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http://dx.doi.org/10.1038/s41598-020-77166-zDOI Listing
http://www.ncbi.nlm.nih.gov/pmc/articles/PMC7699622PMC
November 2020

N-Terminal PreS1 Sequence Regulates Efficient Infection of Cell-Culture-Generated Hepatitis B Virus.

Hepatology 2021 02 31;73(2):520-532. Epub 2020 Oct 31.

Department of Virology II, National Institute of Infectious Diseases, Tokyo, Japan.

Background And Aims: An efficient cell-culture system for hepatitis B virus (HBV) is indispensable for research on viral characteristics and antiviral reagents. Currently, for the HBV infection assay in cell culture, viruses derived from HBV genome-integrated cell lines of HepG2.2.15 or HepAD-38 are commonly used. However, these viruses are not suitable for the evaluation of polymorphism-dependent viral characteristics or resistant mutations against antiviral reagents. HBV obtained by the transient transfection of the ordinary HBV molecular clone has limited infection efficiencies in cell culture.

Approach And Results: We found that an 11-amino-acid deletion (d11) in the preS1 region enhances the infectivity of cell-culture-generated HBV (HBVcc) to sodium taurocholate cotransporting polypeptide-transduced HepG2 (HepG2/NTCP) cells. Infection of HBVcc derived from a d11-introduced genotype C strain (GTC-d11) was ~10-fold more efficient than infection of wild-type GTC (GTC-wt), and the number of infected cells was comparable between GTC-d11- and HepG2.2.15-derived viruses when inoculated with the same genome equivalents. A time-dependent increase in pregenomic RNA and efficient synthesis of covalently closed circular DNA were detected after infection with the GTC-d11 virus. The involvement of d11 in the HBV large surface protein in the enhanced infectivity was confirmed by an HBV reporter virus and hepatitis D virus infection system. The binding step of the GTC-d11 virus onto the cell surface was responsible for this efficient infection.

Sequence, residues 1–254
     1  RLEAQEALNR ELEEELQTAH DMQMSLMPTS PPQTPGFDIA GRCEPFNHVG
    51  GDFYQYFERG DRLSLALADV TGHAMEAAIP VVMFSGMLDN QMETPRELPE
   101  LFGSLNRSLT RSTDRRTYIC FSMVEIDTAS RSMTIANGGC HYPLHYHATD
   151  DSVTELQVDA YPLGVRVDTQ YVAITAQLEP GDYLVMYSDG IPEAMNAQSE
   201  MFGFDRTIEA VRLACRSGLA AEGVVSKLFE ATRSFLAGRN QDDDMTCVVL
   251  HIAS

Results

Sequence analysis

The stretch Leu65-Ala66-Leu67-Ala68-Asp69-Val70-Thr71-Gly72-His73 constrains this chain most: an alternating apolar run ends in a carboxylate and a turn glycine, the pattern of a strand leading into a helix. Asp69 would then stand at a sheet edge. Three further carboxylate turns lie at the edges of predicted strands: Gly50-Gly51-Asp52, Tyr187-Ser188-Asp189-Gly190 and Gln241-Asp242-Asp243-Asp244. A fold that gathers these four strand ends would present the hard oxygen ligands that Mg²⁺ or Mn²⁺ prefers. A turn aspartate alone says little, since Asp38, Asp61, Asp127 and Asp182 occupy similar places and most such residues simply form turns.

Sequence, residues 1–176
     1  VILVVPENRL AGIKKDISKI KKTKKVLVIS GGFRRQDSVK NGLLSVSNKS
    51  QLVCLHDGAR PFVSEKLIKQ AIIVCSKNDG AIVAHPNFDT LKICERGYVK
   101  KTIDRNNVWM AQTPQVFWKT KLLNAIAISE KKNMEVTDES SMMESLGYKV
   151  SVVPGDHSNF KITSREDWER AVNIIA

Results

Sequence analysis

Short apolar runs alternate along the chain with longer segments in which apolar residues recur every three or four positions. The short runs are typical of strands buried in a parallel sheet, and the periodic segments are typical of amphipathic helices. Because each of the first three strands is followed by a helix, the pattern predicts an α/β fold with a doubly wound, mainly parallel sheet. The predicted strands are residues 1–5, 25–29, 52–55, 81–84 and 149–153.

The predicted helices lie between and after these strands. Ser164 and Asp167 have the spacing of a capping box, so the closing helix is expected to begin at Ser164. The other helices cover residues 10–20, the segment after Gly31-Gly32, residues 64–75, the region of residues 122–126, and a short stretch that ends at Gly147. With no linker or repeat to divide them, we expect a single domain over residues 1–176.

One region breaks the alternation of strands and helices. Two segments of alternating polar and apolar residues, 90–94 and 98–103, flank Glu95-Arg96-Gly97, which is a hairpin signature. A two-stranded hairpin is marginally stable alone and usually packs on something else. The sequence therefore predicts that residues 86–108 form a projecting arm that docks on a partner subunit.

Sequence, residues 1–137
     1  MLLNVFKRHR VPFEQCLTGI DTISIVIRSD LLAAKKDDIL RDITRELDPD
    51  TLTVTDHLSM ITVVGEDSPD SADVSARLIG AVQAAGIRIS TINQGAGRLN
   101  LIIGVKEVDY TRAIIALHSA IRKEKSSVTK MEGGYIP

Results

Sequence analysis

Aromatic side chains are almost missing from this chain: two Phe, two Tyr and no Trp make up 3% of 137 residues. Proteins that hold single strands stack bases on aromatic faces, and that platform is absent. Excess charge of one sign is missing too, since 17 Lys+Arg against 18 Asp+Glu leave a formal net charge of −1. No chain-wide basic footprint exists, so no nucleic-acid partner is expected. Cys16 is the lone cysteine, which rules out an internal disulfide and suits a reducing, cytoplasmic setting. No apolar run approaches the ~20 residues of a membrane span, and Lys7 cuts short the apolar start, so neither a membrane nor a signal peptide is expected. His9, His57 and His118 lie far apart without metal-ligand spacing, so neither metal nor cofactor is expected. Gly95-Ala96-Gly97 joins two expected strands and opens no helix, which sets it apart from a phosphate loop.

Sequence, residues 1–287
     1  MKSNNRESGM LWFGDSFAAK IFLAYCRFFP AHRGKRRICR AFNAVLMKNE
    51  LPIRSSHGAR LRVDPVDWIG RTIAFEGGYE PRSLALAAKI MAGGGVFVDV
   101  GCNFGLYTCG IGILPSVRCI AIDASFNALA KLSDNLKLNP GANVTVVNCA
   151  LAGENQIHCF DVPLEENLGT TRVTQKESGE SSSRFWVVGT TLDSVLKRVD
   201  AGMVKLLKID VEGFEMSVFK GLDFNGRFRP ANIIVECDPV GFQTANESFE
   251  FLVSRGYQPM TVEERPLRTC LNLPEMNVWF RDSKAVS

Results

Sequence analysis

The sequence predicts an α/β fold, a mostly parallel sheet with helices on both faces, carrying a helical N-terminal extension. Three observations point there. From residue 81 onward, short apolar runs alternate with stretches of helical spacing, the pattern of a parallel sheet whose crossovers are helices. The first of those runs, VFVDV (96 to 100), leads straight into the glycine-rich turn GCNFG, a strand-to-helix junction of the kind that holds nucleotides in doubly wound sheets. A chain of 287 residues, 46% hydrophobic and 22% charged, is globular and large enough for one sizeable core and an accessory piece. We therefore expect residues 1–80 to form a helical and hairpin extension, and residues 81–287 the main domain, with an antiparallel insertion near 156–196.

Conclusions: This system provides a powerful tool for studying the infection and propagation of HBV in cell culture and also for developing the antiviral strategy against HBV infection.
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http://dx.doi.org/10.1002/hep.31308DOI Listing
February 2021

Anti-viral effects of interferon-λ3 on hepatitis B virus infection in cell culture.

Hepatol Res 2020 Mar 5;50(3):283-291. Epub 2020 Jan 5.

Department of Virology II, National Institute of Infectious Diseases, Tokyo, Japan.

Aim: Interferon (IFN)-λ3 is known to have antiviral effects against various pathogens. Recently, it has been reported that the production of IFN-λ3 in colon cells after the administration of nucleotide analogs is expected to reduce hepatitis B surface antigen in chronic hepatitis B patients. Here, we aimed to prove the antiviral effects of IFN-λ3 on hepatitis B virus (HBV) by using an in vitro HBV production and infection system.

Methods: We used HepG2.2.15-derived HBV as an inoculum and the replication-competent molecular clone of HBV as a replication model.